Cropping has its adherents and its detractors. Many purists believe that the best photographs are those that are composed “in camera”, and that photos should not be tampered with afterward, or that it should be kept to an absolute minimum. Cropping runs the risk of excluding potentially important context, as well as lessening image quality. Cropping reduces pixel numbers, causing the remaining pixels to become larger, effectively lowering image resolution. The very nature of my photograph – unposed, shot quickly from the hip – precluded any “in camera” design and composition. I’m definitely a purist about some things, but as a photographer, I’m a pragmatist; I view cropping as just another tool in the toolbox. I went ahead and cropped out most of the passerby’s front leg.
I feel that the second crop markedly improved the photo, visually and thematically. The photo’s message – that our world is too busy to notice a fellow man pleading for help – was amplified by making the seated man the primary point of interest. With the passerby’s presence reduced, he appears even more fleeting, strengthening the theme of man rushing past and ignoring his fellow man.
I adjusted the brightness, contrast, highlights, and shadows to ensure that the message on his sign was as clear and readable as possible, and I was done.
The next day I examined the photo with a fresh set of eyes, and discovered many completely fortuitous things that were cool from both a photographer’s and a viewer’s perspective.
From a photographer’s perspective: A commonly discussed element of photo composition is framing. This refers to using elements in your scene to create a frame within the frame of your photo. In this photo, the passerby’s rear leg and upper body serves to frame the subject on the right. This was unintentional on my part; a happy accident.
Another commonly touted element of composition is the use of leading lines. This technique uses lines (actual or virtual) in a photo to lead your eyes to the main subject in the image. Although it’s not a very prominent feature of this photo, the diagonal lines above and below the white area on the building on the right lead your eyes toward the seated man’s head. Again, this was totally unplanned.
Looking at the photo as a viewer and as the photographer, there are other things in the photo that I appreciate. I like how the passerby is positioned in front of the subject, while a sliver of car is visible behind the subject. To me, it shows that he’s not just being ignored by people walking by, but by the world in general, on foot and in vehicles.
The passerby is carrying a bag and wearing a prominent wrist watch. To me, this underscores the message that the world is composed of “haves” and “have-nots”. The passerby has his bag of food and his fancy watch, highlighting his role of the “have” in this photo.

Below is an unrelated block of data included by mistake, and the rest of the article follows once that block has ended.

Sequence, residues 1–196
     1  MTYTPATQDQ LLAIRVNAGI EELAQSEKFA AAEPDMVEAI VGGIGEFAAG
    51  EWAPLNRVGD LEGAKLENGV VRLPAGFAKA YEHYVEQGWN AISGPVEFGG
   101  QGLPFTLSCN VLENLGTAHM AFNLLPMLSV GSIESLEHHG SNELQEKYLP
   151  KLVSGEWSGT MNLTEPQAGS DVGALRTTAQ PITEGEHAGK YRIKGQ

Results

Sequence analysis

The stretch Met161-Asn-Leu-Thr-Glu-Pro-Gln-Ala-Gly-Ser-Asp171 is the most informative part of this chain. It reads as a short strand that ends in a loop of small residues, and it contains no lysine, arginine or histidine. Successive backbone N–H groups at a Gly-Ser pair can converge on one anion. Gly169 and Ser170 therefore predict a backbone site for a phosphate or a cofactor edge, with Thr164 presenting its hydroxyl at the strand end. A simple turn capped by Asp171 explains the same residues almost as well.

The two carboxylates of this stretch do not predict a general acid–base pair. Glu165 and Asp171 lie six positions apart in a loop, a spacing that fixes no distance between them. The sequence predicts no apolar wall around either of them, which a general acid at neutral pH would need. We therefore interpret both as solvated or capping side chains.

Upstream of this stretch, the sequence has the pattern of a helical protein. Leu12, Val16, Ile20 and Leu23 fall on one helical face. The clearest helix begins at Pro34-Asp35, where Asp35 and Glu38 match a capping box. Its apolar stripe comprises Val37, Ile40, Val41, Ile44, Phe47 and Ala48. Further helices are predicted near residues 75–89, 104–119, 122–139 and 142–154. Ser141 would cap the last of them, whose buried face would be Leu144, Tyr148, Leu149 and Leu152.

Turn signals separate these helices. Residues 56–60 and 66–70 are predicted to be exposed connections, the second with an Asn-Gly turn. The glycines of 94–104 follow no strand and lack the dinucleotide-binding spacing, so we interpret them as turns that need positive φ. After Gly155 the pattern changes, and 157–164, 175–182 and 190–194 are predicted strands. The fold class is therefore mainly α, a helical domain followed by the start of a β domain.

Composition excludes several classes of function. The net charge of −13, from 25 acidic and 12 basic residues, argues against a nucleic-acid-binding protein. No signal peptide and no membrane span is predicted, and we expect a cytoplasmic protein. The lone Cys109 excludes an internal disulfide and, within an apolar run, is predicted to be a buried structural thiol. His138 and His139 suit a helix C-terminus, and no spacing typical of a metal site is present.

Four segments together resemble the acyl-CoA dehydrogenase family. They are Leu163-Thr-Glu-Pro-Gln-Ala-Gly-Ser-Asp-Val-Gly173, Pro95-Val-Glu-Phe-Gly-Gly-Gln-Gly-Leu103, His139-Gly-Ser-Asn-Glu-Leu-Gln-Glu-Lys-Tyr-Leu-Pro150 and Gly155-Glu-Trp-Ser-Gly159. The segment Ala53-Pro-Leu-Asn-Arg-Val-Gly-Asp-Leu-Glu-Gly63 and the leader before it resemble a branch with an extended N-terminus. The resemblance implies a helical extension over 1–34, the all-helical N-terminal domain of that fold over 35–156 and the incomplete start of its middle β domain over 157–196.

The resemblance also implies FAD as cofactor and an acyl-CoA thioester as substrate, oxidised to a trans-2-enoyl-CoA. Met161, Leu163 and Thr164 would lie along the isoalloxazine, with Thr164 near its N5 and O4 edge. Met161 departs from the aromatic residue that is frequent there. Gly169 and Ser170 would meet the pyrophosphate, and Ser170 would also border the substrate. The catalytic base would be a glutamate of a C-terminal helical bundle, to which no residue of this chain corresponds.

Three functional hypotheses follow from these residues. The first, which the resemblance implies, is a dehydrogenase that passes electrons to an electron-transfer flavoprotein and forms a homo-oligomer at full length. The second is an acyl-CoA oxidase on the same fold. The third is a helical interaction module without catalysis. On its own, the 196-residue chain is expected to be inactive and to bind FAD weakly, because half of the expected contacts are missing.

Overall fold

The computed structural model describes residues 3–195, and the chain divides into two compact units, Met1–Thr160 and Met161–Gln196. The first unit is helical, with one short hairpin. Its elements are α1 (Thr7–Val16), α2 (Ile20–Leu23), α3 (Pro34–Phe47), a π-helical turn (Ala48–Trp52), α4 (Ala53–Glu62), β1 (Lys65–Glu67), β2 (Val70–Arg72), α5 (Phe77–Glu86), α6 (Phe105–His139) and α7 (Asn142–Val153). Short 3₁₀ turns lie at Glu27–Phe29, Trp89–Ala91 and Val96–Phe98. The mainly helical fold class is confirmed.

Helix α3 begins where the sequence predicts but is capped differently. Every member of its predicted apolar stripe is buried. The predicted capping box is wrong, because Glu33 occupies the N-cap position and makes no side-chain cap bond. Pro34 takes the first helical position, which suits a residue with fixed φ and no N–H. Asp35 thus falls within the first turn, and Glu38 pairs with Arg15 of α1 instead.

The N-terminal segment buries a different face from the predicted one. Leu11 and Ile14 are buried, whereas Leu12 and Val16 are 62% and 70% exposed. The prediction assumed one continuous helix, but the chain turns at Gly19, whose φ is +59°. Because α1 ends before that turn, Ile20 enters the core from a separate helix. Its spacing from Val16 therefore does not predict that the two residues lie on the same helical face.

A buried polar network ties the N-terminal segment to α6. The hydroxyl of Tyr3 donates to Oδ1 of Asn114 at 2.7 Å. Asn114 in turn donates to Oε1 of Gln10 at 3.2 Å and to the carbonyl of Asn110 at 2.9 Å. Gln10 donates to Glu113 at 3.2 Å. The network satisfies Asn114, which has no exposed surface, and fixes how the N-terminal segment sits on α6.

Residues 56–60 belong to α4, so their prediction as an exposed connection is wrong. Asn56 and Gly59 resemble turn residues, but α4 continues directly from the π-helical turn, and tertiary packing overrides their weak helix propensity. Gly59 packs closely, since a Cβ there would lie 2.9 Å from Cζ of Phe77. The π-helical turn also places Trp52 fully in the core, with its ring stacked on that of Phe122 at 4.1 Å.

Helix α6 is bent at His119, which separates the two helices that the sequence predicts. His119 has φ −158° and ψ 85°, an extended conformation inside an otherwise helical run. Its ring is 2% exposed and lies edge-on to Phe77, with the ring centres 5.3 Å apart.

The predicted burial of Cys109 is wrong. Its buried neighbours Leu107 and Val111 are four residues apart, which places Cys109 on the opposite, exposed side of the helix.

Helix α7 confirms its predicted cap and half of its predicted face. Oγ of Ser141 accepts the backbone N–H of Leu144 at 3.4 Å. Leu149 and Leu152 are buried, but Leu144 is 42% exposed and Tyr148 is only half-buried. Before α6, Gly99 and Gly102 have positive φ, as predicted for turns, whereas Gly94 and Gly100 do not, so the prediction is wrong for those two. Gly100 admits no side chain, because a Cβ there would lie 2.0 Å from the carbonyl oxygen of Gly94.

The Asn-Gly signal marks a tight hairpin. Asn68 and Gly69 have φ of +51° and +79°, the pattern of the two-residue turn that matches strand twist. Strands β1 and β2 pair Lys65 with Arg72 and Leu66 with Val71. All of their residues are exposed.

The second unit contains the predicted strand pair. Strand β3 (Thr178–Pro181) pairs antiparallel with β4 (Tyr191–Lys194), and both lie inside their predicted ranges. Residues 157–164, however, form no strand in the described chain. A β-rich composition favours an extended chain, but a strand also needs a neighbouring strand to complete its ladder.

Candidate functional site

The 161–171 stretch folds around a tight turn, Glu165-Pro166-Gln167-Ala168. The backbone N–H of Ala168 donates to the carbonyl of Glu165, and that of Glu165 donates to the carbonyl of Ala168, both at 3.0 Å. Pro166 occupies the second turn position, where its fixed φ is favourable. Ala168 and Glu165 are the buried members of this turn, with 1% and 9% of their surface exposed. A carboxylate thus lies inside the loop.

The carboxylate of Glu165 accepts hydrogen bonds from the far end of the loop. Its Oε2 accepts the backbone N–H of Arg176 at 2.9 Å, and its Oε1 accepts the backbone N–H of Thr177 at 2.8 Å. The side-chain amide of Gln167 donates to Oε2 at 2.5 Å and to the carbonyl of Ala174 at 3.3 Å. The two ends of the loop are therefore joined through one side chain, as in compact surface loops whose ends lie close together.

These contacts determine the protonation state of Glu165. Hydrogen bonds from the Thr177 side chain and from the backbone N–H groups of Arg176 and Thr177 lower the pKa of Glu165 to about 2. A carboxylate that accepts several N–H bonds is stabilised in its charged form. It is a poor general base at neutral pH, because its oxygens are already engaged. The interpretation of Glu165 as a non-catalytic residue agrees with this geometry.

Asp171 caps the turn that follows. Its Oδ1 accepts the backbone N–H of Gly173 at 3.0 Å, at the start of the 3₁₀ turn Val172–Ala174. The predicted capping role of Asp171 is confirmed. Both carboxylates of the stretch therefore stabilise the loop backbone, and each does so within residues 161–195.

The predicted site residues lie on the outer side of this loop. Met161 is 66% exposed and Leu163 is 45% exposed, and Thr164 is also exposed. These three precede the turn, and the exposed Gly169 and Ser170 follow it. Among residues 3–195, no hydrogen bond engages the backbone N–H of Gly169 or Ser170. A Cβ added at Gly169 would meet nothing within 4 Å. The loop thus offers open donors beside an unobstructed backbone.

A commanding element of this photo is the message on the sign. Sadly, homelessness in New York City is rampant. Most of the cardboard signs I ask for something tangible like money or food. Some are more general, such as “homeless veteran” or “need help”. This man’s sign extends beyond that, toward the philosophical. What this man is asking for – human kindness – is something that everyone is capable of offering.
I know as a jaded New Yorker that “kindness” is a euphemism for money, but to the non-jaded, the definition of kindness is expansive: perhaps an opportunity to work, or maybe a temporary place to sleep, or at minimum, even a caring word. The simplicity and purity of what he’s asking for, while hiding unnoticed behind his sign, adds real emotion to this scene.
Finally, I find the most impactful, and the most heartbreaking, feature of this photo is that the subject has deliberately chosen to hide his face. He lets you see his forehead, but he stops right before you can see his eyes. The eyes are the window to the soul, and he does not want to let you in; he is too ashamed. If his face was visible, he’d be just another homeless guy struggling on the streets of New York. With his face obscured, he embodies every homeless person on the street. With the passerby’s face also not visible, he personifies every callous citizen that can’t be bothered to acknowledge the existence of the downtrodden. In fact, there’s not one distinguishable face in the entire photo; the image is completely devoid of humanity. Another unplanned accident to my benefit.
The photographer Luc Kordas said that he likes street photography because on any given day, you have the opportunity to take the best photo of your life. I understand what he means. I can’t say that this is my best photo, but it’s certainly one of my favorites, and one that I’m proud of.
A few days after I took this photo, I went back to that street corner to see if the man was still there. Alas, he was gone. I go to Bryant Park once or twice a week. I will make sure to walk past that corner every time, and this time, I will show him some of the human kindness that he’s seeking.
Yesterday, on my way to Bryant Park, I passed that corner again, and the man was there.
I put $5 in his cup and asked how he was doing. He said, “Okay. Thanks.” I left it at that.
Beautiful photography. You seem to be a natural at putting together and processing images.